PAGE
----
One new study reveals that the immunotherapy may reduce the risk of heart diseases in patients with rheumatoid arthritis.
Rheumatoid arthritis is a painful situation of swollen joints generally characterized by chronic pain in joints especially of hands and feet. The patients develop the risk of heart diseases with increasing stages of this autoimmune arthritis.
For the study, the team included 68 patients who had suffered from active rheumatoid arthritis for at least five years.
Patients were randomized to receive the combination of anti-TNF alpha and anti-IFN gamma plus standard disease-modifying therapy (38 patients) or placebo plus standard therapy (30 patients).
The findings showed that the combination of two anti cytokines containing extra-low doses of antibodies against tumor necrosis factor I (TNFI) and interferon gamma (IFN) could improve the efficacy of standard rheumatoid arthritis therapy and decrease heart disease risk.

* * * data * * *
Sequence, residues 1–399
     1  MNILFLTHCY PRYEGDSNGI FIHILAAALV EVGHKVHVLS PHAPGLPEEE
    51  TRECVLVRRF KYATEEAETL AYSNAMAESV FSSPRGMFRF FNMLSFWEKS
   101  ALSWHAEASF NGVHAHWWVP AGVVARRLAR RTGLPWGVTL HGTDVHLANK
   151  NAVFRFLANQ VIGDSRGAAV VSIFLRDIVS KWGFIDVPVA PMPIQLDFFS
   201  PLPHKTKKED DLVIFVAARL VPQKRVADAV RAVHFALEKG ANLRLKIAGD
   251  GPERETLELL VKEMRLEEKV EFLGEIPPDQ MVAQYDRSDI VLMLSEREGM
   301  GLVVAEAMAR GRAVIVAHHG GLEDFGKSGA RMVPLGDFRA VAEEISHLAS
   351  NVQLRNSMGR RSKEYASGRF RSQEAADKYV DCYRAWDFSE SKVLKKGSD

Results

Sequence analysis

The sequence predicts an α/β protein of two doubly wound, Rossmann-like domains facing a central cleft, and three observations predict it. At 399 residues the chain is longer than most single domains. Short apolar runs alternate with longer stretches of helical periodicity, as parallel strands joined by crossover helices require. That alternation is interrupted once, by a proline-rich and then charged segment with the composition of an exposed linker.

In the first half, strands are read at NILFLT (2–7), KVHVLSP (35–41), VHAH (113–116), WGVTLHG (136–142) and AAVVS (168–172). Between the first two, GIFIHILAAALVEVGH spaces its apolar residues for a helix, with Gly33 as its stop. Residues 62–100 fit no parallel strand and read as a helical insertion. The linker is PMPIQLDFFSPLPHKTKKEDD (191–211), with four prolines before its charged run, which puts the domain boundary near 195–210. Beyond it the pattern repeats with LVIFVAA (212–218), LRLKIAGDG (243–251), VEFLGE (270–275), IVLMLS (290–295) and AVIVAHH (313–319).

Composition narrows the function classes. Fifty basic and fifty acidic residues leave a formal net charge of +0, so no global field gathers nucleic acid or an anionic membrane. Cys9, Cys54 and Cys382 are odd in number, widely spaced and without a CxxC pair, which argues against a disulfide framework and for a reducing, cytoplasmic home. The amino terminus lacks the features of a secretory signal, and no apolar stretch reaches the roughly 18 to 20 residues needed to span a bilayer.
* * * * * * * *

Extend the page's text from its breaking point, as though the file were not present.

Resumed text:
Further, the patients taking the combination of anti cytokines had a lower rheumatoid arthritis disease activity score, as measured by the DAS28, 2 and more dramatic decreases in IL-1, IL-6 and TNF alpha than the group on standard therapy alone.
Rheumatoid arthritis is an autoimmune disease in which cytokines such as tumour necrosis factor-alpha (TNFI) and interferon-gamma (IFN), which normally protect the body, attack healthy cells leading to disease progression.
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